Mundelein mayor hopeful touts development
Mundelein Village Trustee Steve Lentz is the unofficial mayor-elect after narrowly defeating former police chief Wally Frasier and warding off a challenge from Trustee Robin Meier. | Michael Schmidt~Sun-Times Media
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This is the first in three-part series profiling candidates running for mayor of Mundelein. Check out next week’s Mundelien Review for continuing coverage of the race.
Updated: February 15, 2013 9:52AM
Colleagues of one-term Trustee Steve Lentz said in May they were surprised when he announced his intentions to run – nearly a year before the election. Since then, he teamed up with long-time trustees Ray Semple and Jim Nutschnig to join the Pro Mundelein party.
Semple and Nutschnig are running to retain their seats, and the slate also includes newcomers Kerry Garesche, who is campaigning for Lentz’s seat, and village clerk hopeful Katy Timmerman.
“We need a mayor with a competitive state of mind to convince home buyers and businesses to come here,” Lentz said.
Lentz said other elected officials, who he would not name, asked him to consider running two years ago. As the mayoral election approached, he added, the plans for a redeveloping downtown made running irresistible.
“The more I worked on downtown decisions, the more I realized how this could change our community and I want to be here to see it progress appropriately,” Lentz said.
Current Mayor Kenneth Kessler is not seeking reelection. Lentz is vying for the seat against current Trustee Robin Meier and former longtime police chief and current park board Vice President Wally Frasier.
Shortly after moving to Mundelein in 1996, Lentz began working for Libertyville-based OptionVue as an instructor of stock market trading techniques. He is now the director of education and research.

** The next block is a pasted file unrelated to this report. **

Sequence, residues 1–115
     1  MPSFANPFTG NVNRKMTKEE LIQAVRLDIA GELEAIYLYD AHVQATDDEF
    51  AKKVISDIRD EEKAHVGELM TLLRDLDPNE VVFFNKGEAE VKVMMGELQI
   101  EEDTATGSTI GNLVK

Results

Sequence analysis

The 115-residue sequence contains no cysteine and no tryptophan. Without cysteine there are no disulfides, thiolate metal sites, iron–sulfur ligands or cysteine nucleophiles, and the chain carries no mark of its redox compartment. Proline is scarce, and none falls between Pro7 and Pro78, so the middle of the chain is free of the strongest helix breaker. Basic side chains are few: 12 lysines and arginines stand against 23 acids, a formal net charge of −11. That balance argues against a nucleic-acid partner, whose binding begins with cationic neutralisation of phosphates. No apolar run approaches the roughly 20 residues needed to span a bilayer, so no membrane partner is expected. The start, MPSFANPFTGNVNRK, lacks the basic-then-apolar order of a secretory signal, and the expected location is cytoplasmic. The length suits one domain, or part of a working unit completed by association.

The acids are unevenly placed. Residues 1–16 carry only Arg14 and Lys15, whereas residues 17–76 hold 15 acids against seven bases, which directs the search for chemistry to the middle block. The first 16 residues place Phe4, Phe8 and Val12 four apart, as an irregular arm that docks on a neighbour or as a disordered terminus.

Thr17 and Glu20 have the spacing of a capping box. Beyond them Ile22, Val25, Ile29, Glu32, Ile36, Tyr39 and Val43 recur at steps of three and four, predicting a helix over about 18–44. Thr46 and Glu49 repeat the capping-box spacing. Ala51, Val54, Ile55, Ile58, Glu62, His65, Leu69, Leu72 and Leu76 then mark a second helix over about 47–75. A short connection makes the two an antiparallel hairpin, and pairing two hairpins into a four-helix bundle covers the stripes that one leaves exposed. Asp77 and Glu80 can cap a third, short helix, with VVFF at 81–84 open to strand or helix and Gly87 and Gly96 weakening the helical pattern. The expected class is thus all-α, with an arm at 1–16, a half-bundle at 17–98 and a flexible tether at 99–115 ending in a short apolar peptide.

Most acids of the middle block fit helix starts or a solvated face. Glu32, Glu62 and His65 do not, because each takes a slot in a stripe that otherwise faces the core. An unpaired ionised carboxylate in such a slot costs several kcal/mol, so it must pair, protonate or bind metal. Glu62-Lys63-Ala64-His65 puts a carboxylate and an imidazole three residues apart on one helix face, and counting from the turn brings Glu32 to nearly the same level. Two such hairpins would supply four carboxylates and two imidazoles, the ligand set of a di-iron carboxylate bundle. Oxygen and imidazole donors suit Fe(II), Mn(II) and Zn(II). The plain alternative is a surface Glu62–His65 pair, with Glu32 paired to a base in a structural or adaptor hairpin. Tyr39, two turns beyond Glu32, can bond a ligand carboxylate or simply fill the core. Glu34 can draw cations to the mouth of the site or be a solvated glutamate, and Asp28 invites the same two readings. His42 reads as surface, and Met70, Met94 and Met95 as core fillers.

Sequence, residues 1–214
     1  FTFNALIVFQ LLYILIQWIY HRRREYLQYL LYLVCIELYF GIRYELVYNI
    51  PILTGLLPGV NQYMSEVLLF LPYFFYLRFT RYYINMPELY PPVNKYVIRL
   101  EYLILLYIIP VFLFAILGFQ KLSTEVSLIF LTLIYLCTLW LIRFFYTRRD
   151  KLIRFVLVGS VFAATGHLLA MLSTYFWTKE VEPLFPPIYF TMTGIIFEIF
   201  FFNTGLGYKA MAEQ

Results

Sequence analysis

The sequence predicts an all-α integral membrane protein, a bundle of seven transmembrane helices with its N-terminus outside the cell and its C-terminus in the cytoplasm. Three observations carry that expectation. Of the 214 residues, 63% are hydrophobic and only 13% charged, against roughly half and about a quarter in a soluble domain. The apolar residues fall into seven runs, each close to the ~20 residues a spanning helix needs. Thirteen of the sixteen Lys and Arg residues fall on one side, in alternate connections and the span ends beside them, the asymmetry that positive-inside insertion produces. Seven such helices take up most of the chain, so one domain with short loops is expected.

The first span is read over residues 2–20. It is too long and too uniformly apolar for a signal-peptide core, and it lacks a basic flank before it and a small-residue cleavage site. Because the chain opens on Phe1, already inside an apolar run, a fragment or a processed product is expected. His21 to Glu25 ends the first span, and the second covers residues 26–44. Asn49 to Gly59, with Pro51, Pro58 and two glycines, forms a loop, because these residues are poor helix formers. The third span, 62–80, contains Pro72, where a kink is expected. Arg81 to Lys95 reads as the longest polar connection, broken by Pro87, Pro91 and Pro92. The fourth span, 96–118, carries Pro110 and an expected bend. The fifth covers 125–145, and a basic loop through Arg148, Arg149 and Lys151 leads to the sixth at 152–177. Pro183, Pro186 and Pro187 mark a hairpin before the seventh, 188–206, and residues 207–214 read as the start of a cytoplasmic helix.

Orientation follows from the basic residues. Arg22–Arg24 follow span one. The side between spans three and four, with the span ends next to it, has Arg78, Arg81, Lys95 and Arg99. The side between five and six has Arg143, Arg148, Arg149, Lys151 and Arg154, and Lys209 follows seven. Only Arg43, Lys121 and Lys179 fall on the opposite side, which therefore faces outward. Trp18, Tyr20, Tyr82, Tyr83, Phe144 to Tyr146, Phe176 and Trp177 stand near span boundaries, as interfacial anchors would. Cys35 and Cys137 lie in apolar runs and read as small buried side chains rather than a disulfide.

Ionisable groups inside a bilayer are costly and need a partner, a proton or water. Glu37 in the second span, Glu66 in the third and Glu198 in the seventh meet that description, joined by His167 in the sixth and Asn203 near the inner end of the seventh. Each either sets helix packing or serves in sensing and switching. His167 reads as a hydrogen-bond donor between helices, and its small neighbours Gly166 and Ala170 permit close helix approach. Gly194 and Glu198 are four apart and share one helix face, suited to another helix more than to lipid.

Lentz grew up in California and was a real estate appraiser for 11 years, but left the industry after moving to Libertyville in 1994.
Politically, village trustee is the only elected office Lentz has held. He ran in 2009 after five years of coaching and board work for Mundelein Little League and nine years of coaching and board work for Mundelein Jr. Football League.
“I wanted to be a little more involved,” Lentz said. “It was a progression thing.”
Now with four years under his belt, Lentz is focusing on four topics in his campaign: redeveloping downtown, improving village streets, stimulating business growth, and fiscal responsibility.
Attracting developers to the five available lots surrounding the new village hall will be a challenge, Lentz said. If elected, he plans to create marketing strategies to make Mundelein’s land more visible.
Commerce outside downtown is also important, Lentz said, because a strong downtown provides for residents and feeds into the other business corridors.
“There are a lot of vacant storefronts all throughout Mundelein,” Lentz said. “We can’t control the national economy or what the state government does – good or bad – but we can control the experience someone has with us.”
The permit process is a main emphasis. Lentz said applicants’ information must be processed, reviewed and responded to faster.
Quality roads also remain key for Lentz, who ran on a platform for improving them in 2009. He said roadways support both the residential and business communities.
“It was a ‘be careful what you wish for’ situation because once I got in I realized that street work is expensive,” Lentz said. “If elected, I plan to increase the streets fund from $2 million to $3 million.”
Lentz said he recognized that delaying projects or not increasing funding could be easy, because residents wouldn’t notice right away. As trustee, Lentz said he helped end funding freezes and advocated for a $500,000 increase to the roads fund when he realized the village raised property taxes too much last year.
Accidents like that, Lentz added, cannot happen. He wants improved management of information and for village departments to become more cost-effective.
In addition, Lentz said Mundelein’s tax rate is not comparable to neighboring towns but he hopes to, in the long-term, build enough retail sales tax revenue to lower property taxes.~.